Pollution is also becoming a bigger and bigger issue as time goes on. Increased regulations mean increased cost if there is an accidental spill, with booms being deployed for issues that in the past have been dealt with (incorrectly) by using a copious amounts of dish soap to make the problem ‘disappear’. Dish soap has proven to be a very environmentally unsound method and the days are gone when the bottle of Dawn spewed its magic and made the oil disappear. Now you need to deploy booms, skim and recover with absorbent pads and then dispose of all the used product in an environmentally sound way. Also, people are now more aware of the issues surrounding fuel and oil spills and are more likely to report any spill, no matter how small. Reporting of a spill triggers a quick response from regulatory bodies who will deploy their own resources to contain the spill regardless of what you have on hand and then charge you for the cost.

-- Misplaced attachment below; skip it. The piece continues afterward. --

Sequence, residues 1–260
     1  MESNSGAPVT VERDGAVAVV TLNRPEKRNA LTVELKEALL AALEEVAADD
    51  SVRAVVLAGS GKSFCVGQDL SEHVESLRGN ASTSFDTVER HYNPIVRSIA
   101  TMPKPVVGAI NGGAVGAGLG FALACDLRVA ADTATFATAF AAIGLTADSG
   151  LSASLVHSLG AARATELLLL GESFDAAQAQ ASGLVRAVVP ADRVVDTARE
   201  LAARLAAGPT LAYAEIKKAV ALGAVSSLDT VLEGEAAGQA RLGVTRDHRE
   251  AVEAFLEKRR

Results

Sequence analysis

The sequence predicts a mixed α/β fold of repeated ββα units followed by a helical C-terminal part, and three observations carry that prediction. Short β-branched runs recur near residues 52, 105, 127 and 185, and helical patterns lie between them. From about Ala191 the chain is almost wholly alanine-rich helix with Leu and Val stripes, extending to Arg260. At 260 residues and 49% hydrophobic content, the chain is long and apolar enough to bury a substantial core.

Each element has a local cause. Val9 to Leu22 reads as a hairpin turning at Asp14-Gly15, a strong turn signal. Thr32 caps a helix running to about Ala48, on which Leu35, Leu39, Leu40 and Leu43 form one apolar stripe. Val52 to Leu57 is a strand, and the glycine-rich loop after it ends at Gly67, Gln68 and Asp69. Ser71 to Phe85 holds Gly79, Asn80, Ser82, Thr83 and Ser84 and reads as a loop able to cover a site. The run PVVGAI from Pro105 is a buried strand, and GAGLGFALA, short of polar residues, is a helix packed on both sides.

How do I get Protection & Indemnity Insurance?
If you’ve never had insurance in place before there are some things that most insurance companies will require. If your boat is older than ten years they will likely want to see a current Condition & Valuation survey from a marine surveyor. This is required even if you’re only looking to purchase P&I insurance and don’t want any coverage for damage to your boat itself.